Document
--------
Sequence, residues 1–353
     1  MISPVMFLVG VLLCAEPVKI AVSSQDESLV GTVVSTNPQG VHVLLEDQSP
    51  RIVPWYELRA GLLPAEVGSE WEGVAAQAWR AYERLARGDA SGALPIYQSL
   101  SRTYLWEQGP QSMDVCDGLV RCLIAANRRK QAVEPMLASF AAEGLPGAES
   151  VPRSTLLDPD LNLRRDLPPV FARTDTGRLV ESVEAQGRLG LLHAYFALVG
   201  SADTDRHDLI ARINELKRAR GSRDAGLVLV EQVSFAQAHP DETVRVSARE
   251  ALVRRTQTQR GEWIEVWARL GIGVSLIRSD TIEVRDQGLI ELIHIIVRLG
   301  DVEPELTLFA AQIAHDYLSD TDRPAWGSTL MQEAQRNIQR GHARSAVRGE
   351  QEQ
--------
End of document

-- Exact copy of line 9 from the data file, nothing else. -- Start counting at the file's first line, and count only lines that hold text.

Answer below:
   351  QEQ